Power of Attorney: An Overview of the Different Types

A power of attorney is a document that could allow you to appoint an organization or single individual, also known as an attorney-in-fact or agent, the legal ability to administer your affairs if you become incapable of doing so. A power of attorney could be useful in any of the following circumstances:

  • An individual who lives alone, has no close family, and is awaiting surgery
  • An individual who is diagnosed with a debilitating disease
  • An individual who is diagnosed with cancer
  • A couple who will be taking a trip but are interested in selling their owned property while they are gone
  • A single business owner who has no economic or medical concerns

All of these are simple and common examples of individuals who could benefit from a power of attorney. While the list is not extensive, it is important to recognize that if you have reason to believe that you could benefit from one, speak to an estate planning lawyer who can help you. An attorney with the right experience can assist you in figuring out if a power of attorney is right for you.

Different Types of Power of Attorney

If you need a power of attorney, it is important to recognize that there are different types of a power of attorney. Among their differences, each type of power of attorney could give the party you choose a different level of power. The following is a list of some of the most common forms of power of attorney.

General Power of Attorney

A general form of a power of attorney gives expansive powers to the individual or organization to act on your behalf. Some of the powers given to this party may include, but are not limited to:

  • Handling of your financial transactions
  • Handling of your business transactions
  • Purchasing life insurance on your behalf
  • Settling claims on your behalf
  • Operating your business interests
  • Making purchases or gifts
  • Hiring professional support on your behalf

A general power of attorney could be really beneficial to an individual who plans to leave the country for a trip or knows that he or she will become mentally or physically incapable of managing certain aspects of their lives. A general power of attorney can give the selected agent the legal right to take care of those necessary affairs. Furthermore, a general power of attorney can often be included in an estate plan to give the agent the right to handle financial matters.

Special Power of Attorney

A special power of attorney is not broad like a general power of attorney is. In fact, by having a special power of attorney, the agent is typically only given a selected amount of powers. This type of power of attorney is most beneficial when it is needed for temporary reasons such as impeding commitments or certain health reasons.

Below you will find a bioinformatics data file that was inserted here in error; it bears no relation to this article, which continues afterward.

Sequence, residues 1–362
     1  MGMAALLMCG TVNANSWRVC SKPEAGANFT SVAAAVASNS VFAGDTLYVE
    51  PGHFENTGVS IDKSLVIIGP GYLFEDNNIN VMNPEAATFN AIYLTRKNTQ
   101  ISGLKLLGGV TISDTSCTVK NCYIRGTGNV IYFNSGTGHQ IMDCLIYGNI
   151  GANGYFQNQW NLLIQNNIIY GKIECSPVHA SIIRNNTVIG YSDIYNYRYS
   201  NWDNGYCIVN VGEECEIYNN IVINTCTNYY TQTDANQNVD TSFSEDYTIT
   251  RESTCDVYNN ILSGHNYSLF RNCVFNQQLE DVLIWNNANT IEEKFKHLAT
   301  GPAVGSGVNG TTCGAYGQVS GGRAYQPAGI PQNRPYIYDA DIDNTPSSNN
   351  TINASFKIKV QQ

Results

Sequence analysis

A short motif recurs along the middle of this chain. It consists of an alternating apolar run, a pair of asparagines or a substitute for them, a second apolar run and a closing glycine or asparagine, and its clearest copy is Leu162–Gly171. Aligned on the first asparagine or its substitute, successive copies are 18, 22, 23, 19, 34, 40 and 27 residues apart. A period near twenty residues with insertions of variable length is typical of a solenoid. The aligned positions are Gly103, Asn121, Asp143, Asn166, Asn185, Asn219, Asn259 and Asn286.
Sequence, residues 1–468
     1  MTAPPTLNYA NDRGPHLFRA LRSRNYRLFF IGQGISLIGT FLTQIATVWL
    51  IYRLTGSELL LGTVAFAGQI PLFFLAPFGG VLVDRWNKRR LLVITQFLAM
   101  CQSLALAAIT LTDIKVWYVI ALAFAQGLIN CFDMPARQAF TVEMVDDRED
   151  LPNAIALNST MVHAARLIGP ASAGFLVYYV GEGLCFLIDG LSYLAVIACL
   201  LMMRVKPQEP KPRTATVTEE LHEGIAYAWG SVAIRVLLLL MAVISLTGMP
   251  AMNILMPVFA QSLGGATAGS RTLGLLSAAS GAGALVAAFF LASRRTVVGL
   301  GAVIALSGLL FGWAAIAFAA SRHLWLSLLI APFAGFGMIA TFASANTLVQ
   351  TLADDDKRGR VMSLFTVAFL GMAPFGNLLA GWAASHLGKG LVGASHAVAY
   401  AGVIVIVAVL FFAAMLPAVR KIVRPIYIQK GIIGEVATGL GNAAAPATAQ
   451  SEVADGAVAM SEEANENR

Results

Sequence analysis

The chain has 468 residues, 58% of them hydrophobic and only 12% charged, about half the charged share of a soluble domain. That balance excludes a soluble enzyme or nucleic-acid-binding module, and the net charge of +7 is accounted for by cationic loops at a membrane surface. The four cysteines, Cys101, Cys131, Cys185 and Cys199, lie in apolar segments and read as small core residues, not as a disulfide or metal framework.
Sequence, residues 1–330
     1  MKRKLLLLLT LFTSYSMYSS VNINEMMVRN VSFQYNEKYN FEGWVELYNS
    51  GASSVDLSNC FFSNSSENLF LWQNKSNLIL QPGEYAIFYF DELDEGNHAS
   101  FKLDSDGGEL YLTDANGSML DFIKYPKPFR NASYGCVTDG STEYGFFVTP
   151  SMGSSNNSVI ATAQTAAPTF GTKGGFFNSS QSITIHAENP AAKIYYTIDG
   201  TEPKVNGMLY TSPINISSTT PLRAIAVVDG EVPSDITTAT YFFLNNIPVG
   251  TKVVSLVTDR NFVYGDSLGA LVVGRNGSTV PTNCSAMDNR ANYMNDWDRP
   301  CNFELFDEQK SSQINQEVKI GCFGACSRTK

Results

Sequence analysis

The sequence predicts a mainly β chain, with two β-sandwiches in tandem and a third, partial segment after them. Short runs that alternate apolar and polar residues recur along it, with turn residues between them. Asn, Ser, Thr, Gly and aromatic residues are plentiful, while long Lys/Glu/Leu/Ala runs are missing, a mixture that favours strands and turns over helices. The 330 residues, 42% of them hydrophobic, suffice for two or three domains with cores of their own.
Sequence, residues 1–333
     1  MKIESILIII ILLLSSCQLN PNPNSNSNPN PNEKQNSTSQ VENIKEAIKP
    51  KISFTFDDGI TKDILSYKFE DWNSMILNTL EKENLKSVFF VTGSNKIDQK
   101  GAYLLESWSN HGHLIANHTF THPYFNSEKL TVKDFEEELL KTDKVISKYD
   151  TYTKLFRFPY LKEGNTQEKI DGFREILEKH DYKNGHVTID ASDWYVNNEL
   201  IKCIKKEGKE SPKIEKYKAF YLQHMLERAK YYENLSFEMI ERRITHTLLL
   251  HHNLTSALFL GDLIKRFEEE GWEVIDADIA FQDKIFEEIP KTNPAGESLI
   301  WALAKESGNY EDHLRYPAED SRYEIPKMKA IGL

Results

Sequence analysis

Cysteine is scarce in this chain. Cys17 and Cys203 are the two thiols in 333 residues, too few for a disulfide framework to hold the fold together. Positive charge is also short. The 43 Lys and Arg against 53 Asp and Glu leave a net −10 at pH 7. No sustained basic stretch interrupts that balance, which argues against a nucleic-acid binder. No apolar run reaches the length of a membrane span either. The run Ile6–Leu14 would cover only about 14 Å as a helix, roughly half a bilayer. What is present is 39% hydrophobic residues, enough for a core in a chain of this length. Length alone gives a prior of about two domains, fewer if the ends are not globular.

Some of the most common reasons as to why you may need a special power of attorney include the following:

  • To sell property
  • To manage real estate properties
  • To collect debts
  • To manage business transactions

Health Care Power of Attorney

A health care power of attorney could be important to many people who have a loved one in the hospital. A health care power of attorney could give the agent the legal right to make medical decisions should you become medically and mentally incompetent, medically unconscious, or are otherwise unable to make standalone decisions.

Although a health care power of attorney should never be regarded the same as a living will, there are many states that could give you the opportunity to state your preferences in regard to being kept on life support. To see if you qualify for this option, speak to a qualified attorney who is knowledgeable of your state’s legislative actions toward powers of attorney.

Creating a Durable Power of Attorney

Unfortunately, life can carry many unforeseeable circumstances that could incapacitate someone and render them unable to make decisions. If you already have a power of attorney, making your power of attorney durable requires an extra step. This durable form of power of attorney can preserve your power of attorney if you become somehow incoherent or mentally incompetent.

Finding the Right Agent

Most people choose someone they really trust to become an agent for them. No matter who you choose, be they a relative or even an organization, it is recommended that you select someone who will have your best interests at heart. You should consider selecting an agent who can respect and is aware of your wishes as well as someone who will not abuse the power you have given him or her.

When giving someone a power of attorney, you should consider having him or her keep a detailed record of the transactions he or she is doing for you. In this case, the agent can periodically brief you on what is being done. You may also choose to have your selected agent give these updates to another trusted third party.

Talk to an Estate Planning Attorney

Drafting a power of attorney can be a complex and difficult matter. If you have reason to believe that you are in need of a power of attorney, you should consider speaking to an estate planning attorney who can guide you through the legal process. This is a complex process, and each person’s case is unique. Make sure you haven’t overlooked anything when granting someone power of attorney. The right attorney can give you peace of mind knowing that your power of attorney will not only be upheld, but will also be made for your best interests.